Clark County Fire District 3 is thanking the City of Battle Ground for approving a requested increase in the amount it collects in impact fees. These funds are used to offset capital costs, such as fire stations and emergency apparatus, associated with population growth and new development in the city limits.
Fire District 3 is expected to grow by 46% in the next 20 years. Impact fees are a charge placed on new development, and must be paid before a building or home can be occupied.
“We want to make sure that new growth pays for itself,” said Fire Chief Scott Sorenson. “Growth triggers the need for additional facilities and apparatus to respond to 911 calls. It’s fair that new development helps pay for the imbedded costs associated with providing emergency services through impact fees.”
The city has collected an average of $187,000 per year in impact fees. The total amount collected depends on the amount of new development in the city. In 2022, the fee for a single-family home is $696. Multi-family dwellings are $327 per unit. New non-residential space is charged $0.85 per square foot.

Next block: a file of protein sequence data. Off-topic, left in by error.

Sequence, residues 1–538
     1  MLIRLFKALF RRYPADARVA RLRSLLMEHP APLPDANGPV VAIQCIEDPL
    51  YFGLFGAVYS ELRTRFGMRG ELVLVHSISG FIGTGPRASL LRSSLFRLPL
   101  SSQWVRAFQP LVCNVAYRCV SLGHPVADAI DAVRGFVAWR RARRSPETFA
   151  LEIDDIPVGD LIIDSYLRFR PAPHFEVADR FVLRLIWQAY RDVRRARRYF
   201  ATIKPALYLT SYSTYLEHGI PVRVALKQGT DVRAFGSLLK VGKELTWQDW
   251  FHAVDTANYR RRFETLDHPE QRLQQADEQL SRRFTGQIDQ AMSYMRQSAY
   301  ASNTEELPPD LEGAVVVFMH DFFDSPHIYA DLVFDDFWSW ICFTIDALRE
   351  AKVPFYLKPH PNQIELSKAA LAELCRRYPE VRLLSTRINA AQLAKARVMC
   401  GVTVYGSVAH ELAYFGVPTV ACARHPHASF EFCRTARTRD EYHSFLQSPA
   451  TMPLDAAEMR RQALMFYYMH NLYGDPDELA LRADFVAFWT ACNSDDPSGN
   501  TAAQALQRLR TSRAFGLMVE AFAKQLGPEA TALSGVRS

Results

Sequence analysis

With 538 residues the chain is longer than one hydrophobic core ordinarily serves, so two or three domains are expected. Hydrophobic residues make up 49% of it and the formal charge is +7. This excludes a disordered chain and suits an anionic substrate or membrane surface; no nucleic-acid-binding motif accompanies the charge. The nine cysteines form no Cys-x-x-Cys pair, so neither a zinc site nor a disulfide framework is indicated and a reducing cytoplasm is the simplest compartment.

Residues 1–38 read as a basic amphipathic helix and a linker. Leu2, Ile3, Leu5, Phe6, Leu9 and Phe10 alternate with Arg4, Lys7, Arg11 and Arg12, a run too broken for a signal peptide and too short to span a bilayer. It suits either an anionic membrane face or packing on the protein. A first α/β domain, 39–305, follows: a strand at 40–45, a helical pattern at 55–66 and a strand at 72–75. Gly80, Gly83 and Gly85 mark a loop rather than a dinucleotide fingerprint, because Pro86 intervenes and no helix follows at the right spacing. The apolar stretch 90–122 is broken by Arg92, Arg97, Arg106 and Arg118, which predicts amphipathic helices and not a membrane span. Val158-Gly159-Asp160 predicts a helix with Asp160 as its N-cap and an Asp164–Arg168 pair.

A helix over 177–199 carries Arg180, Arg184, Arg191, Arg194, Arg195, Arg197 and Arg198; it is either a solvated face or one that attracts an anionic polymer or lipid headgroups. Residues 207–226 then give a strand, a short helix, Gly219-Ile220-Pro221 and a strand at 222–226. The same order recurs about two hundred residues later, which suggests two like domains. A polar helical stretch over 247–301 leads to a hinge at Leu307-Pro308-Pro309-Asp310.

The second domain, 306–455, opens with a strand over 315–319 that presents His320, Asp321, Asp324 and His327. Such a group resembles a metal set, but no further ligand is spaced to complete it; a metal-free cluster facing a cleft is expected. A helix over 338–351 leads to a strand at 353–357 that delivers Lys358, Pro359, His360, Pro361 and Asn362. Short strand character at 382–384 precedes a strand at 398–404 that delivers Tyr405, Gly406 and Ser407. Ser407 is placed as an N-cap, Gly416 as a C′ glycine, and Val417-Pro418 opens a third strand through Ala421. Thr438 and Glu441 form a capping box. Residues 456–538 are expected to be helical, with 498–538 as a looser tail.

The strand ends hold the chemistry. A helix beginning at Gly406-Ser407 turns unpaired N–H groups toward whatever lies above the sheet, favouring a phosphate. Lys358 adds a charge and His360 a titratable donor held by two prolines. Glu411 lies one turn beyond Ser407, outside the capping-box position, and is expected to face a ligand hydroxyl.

The fire district has up to 10 years to spend the money on capital items in its Capital Facilities Plan. A copy of Fire District 3’s plan can be found on the fire district’s website at www.fire3.org.
Past impact fees from the city have been used to replace a fire engine for a half million dollars. Fire District 3 is now planning for a new fire station that would start serving the community in approximately 10 years. Impact fees can be used to pay upfront for things like land acquisition, design or architectural services, engineering, and site development work. Paying cash for these items helps reduce the amount Fire District 3 will need to finance through voter-approved bonds.
The state gave local communities the ability to pass impact fees to help pay for new growth. But while the city has approved and even increased them, the Clark County Council is reluctant to do so. The fire district has teamed up with other agencies in the county to ask the Clark County Council to pass impact fees in the county, but has been unsuccessful to date. “Impact fees mean our taxpayers pay less in property taxes and interest payments by reducing what we need to borrow to build a new station,” said Chief Sorenson. “We are grateful to the city for its support, and will continue to reach out to the County Councilmembers for help. Our taxpayers and their constituents are the same people.”